His main research concerns Biochemistry, Microbiology, Mycobacterium tuberculosis, Mycobacterium and Phosphorylation. His Biochemistry study frequently draws connections to adjacent fields such as Mycolic acid. His Microbiology research includes elements of Biofilm, Immune system, Immunology, Lipomannan and Mycobacterium chelonae.
His Mycobacterium tuberculosis study incorporates themes from Antibiotics and Isoniazid. Many of his research projects under Mycobacterium are closely connected to Cefoxitin with Cefoxitin, tying the diverse disciplines of science together. His Phosphorylation study integrates concerns from other disciplines, such as Transcription factor and Kinase.
The scientist’s investigation covers issues in Microbiology, Mycobacterium tuberculosis, Biochemistry, Mycobacterium abscessus and Mycobacterium. His study looks at the relationship between Microbiology and topics such as Mycobacterium marinum, which overlap with Glycolipid. His Mycobacterium tuberculosis research is multidisciplinary, relying on both In vitro, Stereochemistry, Drug resistance and Isoniazid.
His Mycobacterium smegmatis research extends to the thematically linked field of Biochemistry. His Mycobacterium abscessus research includes themes of Innate immune system, Cystic fibrosis and Immunology, Pathogenesis. As a part of the same scientific family, he mostly works in the field of Mycolic acid, focusing on Cell envelope and, on occasion, Cell wall.
Laurent Kremer mainly focuses on Mycobacterium abscessus, Microbiology, Mycobacterium tuberculosis, Biochemistry and Antibiotics. Laurent Kremer has included themes like Innate immune system, In vitro and Virulence in his Mycobacterium abscessus study. His Microbiology research is multidisciplinary, incorporating perspectives in Cystic fibrosis, Mutant, Nontuberculous mycobacteria, Macrophage and Drug.
His biological study spans a wide range of topics, including Mode of action, Biosynthesis and Isoniazid. His study in Enzyme, Cell wall, Cytoplasm and Arabinogalactan falls within the category of Biochemistry. His work in Mycobacterium covers topics such as Drug resistance which are related to areas like Biological activity, Drug development and Structure–activity relationship.
Microbiology, Mycobacterium abscessus, Mycobacterium tuberculosis, Mycolic acid and In vitro are his primary areas of study. Laurent Kremer has researched Microbiology in several fields, including Phenotype, Cystic fibrosis and Mutant. His research in Mycobacterium abscessus intersects with topics in Bedaquiline, Cyclophostin, Drug resistance and Virulence.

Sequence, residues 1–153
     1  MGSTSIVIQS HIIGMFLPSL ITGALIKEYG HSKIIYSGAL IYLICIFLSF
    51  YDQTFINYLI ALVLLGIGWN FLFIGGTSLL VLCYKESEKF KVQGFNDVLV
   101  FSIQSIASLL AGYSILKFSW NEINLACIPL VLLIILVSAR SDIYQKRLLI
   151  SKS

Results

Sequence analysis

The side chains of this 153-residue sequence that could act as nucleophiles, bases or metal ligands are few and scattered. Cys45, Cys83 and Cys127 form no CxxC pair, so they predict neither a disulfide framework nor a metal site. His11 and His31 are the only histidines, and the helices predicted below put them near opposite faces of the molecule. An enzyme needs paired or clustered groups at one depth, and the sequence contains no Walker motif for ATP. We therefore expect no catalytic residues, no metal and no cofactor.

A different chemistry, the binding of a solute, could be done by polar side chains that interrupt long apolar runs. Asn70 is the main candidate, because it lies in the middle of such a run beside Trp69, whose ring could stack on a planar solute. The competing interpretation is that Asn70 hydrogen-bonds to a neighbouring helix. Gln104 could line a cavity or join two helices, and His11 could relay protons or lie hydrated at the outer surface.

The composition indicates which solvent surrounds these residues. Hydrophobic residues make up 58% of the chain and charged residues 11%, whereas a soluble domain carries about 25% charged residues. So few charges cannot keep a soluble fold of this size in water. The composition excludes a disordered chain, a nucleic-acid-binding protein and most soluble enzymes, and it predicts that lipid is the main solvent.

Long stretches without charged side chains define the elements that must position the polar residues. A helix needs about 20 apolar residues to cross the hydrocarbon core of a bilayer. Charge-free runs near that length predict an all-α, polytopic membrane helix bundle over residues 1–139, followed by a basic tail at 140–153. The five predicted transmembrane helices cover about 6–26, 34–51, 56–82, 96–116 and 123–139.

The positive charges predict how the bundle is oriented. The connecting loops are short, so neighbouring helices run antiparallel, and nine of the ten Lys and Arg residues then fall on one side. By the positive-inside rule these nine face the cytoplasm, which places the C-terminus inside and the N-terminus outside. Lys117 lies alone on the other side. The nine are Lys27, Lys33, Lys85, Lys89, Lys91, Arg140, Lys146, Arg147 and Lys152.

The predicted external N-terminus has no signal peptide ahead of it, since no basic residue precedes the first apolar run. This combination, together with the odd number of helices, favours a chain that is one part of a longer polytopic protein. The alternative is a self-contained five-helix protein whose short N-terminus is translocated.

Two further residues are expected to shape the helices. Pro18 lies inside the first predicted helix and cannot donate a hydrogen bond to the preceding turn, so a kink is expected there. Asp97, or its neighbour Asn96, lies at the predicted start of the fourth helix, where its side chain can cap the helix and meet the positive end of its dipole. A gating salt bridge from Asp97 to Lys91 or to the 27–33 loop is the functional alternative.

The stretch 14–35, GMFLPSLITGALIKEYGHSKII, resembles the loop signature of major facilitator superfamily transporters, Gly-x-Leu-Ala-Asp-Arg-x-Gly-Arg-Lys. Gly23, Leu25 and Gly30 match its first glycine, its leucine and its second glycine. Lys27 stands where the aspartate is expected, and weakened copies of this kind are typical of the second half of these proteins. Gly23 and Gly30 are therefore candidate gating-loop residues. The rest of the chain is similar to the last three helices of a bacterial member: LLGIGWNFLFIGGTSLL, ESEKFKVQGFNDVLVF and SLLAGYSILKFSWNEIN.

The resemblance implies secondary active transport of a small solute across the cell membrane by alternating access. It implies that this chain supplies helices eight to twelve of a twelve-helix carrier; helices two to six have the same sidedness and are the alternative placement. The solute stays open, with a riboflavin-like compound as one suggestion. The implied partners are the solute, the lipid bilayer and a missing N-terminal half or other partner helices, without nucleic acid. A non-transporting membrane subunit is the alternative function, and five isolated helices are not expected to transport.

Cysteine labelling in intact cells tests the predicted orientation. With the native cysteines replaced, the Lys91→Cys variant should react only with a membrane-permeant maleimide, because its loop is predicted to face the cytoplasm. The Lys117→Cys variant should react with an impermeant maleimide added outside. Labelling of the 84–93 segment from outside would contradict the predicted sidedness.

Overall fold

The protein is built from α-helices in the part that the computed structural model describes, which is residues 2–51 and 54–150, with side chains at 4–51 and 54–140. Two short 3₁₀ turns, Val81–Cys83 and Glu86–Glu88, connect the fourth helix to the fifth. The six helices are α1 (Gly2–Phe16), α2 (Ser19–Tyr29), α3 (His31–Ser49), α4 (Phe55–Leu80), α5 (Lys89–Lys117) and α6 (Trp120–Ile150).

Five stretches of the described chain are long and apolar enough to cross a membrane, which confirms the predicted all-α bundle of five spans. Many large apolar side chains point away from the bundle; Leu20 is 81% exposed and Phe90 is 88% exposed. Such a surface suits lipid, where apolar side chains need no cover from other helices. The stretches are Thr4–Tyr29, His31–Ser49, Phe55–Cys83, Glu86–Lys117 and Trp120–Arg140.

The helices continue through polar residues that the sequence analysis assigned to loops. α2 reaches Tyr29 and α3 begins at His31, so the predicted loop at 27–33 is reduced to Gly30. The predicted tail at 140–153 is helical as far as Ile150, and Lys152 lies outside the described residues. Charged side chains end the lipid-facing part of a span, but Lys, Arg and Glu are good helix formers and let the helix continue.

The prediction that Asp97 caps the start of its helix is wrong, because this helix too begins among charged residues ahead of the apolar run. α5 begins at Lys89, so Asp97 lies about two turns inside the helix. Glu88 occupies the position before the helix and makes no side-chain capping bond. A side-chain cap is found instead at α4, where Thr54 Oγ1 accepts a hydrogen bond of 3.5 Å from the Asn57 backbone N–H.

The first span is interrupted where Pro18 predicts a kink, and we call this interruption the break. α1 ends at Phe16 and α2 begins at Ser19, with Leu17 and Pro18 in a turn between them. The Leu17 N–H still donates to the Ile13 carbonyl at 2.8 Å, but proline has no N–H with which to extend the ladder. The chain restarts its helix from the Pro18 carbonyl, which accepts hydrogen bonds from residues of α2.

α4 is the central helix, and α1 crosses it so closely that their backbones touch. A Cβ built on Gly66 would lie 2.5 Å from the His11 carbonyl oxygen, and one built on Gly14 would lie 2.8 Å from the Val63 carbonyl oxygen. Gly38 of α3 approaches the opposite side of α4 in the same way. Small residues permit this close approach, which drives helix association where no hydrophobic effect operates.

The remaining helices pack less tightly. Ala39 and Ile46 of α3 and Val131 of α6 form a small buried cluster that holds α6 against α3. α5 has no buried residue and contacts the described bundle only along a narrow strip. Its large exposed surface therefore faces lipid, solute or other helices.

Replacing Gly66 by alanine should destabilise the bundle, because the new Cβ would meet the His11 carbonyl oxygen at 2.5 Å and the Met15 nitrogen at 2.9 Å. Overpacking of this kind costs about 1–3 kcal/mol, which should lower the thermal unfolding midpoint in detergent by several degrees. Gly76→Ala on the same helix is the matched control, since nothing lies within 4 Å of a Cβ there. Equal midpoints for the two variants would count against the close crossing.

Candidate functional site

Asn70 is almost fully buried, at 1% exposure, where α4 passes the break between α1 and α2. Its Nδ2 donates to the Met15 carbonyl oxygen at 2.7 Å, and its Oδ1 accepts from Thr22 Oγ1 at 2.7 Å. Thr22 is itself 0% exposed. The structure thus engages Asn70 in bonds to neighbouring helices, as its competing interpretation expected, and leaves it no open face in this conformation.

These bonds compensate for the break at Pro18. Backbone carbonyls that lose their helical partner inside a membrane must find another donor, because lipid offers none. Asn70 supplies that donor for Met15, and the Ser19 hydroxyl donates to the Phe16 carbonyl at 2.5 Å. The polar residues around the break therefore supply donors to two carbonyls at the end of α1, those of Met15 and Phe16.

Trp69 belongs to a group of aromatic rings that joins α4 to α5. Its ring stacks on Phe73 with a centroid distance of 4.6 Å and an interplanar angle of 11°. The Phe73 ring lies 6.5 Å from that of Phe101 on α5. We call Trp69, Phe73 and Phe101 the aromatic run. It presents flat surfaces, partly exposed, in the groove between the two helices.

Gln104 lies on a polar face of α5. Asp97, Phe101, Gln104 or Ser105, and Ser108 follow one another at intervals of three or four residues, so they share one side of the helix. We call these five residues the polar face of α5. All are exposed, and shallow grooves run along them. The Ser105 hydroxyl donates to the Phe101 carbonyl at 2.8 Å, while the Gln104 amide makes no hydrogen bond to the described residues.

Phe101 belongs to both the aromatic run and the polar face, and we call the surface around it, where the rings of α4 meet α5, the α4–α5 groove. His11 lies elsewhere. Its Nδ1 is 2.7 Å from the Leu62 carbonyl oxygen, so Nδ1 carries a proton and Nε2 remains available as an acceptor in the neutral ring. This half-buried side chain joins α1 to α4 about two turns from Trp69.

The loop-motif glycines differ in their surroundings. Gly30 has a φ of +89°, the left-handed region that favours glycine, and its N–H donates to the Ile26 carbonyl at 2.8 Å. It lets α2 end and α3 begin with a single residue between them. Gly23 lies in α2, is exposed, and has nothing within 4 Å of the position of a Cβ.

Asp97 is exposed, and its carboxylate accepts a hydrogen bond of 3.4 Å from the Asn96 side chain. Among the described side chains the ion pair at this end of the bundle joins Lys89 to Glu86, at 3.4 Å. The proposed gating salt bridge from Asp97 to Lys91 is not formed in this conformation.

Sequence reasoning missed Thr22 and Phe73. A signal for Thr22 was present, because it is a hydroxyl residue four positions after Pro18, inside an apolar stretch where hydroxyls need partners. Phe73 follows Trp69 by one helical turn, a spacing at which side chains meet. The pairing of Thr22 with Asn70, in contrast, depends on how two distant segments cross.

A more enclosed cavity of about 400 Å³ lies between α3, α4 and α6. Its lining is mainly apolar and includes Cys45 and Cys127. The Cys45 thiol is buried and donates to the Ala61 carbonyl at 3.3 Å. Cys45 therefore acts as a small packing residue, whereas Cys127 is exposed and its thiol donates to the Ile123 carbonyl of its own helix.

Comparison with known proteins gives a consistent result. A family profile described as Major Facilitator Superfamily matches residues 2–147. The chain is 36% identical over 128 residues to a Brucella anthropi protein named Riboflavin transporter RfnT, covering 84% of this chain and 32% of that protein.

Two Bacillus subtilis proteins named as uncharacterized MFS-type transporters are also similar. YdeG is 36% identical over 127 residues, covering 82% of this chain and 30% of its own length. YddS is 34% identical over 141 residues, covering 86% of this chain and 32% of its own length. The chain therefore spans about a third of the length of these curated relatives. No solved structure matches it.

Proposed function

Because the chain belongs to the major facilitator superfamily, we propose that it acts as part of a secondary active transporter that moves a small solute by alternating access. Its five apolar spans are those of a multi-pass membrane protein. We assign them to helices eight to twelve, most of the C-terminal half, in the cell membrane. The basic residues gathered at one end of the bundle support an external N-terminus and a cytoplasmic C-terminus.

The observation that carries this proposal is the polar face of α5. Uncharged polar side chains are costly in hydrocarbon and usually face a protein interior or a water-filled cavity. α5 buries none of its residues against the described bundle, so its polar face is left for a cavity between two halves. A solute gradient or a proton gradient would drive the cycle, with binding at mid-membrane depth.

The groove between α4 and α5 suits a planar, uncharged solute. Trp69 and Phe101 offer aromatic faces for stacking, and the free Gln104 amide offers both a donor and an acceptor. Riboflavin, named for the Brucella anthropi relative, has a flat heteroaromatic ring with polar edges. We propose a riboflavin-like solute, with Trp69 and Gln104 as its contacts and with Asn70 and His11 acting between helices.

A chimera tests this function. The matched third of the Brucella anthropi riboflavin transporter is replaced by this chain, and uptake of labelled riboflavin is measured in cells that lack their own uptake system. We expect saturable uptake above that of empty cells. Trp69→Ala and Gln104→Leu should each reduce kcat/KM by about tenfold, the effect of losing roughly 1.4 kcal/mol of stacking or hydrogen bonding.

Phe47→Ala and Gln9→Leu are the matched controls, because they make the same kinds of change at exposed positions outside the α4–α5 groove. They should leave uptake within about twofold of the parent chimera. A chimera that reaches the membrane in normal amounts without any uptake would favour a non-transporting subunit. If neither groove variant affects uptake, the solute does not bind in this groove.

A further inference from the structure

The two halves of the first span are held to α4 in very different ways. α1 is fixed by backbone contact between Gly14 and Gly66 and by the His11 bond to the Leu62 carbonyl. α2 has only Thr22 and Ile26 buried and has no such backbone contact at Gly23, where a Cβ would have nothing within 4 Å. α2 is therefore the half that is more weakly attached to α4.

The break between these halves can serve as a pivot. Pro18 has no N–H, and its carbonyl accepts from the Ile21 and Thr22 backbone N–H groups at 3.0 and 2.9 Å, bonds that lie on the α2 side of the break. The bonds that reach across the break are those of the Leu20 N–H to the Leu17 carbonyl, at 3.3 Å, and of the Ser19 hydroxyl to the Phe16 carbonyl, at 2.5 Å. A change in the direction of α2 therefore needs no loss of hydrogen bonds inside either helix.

His Drug resistance research focuses on Mycobacterium and how it connects with Structure–activity relationship, Biological activity, EXTENSIVE DRUG RESISTANCE and Drug development. He interconnects Mode of action, Sputum and Virology in the investigation of issues within Mycobacterium tuberculosis. His study focuses on the intersection of In vitro and fields such as Benzimidazole with connections in the field of Nontuberculous mycobacteria, Trehalose dimycolate, Biochemistry and SQ109.
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Mycobacterial lipoarabinomannan and related lipoglycans: from biogenesis to modulation of the immune response.
Volker Briken;Steven A. Porcelli;Gurdyal S. Besra;Laurent Kremer.
Molecular Microbiology (2004)
Growth of Mycobacterium tuberculosis biofilms containing free mycolic acids and harbouring drug-tolerant bacteria.
Anil K. Ojha;Anthony D. Baughn;Dhinakaran Sambandan;Tsungda Hsu.
Molecular Microbiology (2008)
GroEL1: A Dedicated Chaperone Involved in Mycolic Acid Biosynthesis during Biofilm Formation in Mycobacteria
Anil Ojha;Mridula Anand;Apoorva Bhatt;Laurent Kremer.
Transfer of a point mutation in Mycobacterium tuberculosis inhA resolves the target of isoniazid.
Catherine Vilchèze;Feng Wang;Masayoshi Arai;Manzour Hernando Hazbón.
Nature Medicine (2006)
The methyl-branched fortifications of Mycobacterium tuberculosis.
David E Minnikin;Laurent Kremer;Lynn G Dover;Gurdyal S Besra.
Chemistry & Biology (2002)
Toll-Like Receptor 2 (TLR2)-Dependent-Positive and TLR2-Independent-Negative Regulation of Proinflammatory Cytokines by Mycobacterial Lipomannans
Valerie J F Vj Quesniaux;Delphine Dm Nicolle;David Torres;Laurent Kremer.
Journal of Immunology (2004)
Thiolactomycin and related analogues as novel anti-mycobacterial agents targeting KasA and KasB condensing enzymes in Mycobacterium tuberculosis.
Laurent Kremer;James D. Douglas;Alain R. Baulard;Caroline Morehouse.
Journal of Biological Chemistry (2000)
The fatty acid biosynthesis enzyme FabI plays a key role in the development of liver-stage malarial parasites.
Min Yu;T. R.Santha Kumar;T. R.Santha Kumar;Louis J. Nkrumah;Alida Coppi.
Cell Host & Microbe (2008)
Altered NADH/NAD+ Ratio Mediates Coresistance to Isoniazid and Ethionamide in Mycobacteria
Catherine Vilchèze;Torin R. Weisbrod;Bing Chen;Laurent Kremer.
Antimicrobial Agents and Chemotherapy (2005)
Deletion of kasB in Mycobacterium tuberculosis causes loss of acid-fastness and subclinical latent tuberculosis in immunocompetent mice
Apoorva Bhatt;Nagatoshi Fujiwara;Kiranmai Bhatt;Kiranmai Bhatt;Sudagar S. Gurcha.
Proceedings of the National Academy of Sciences of the United States of America (2007)
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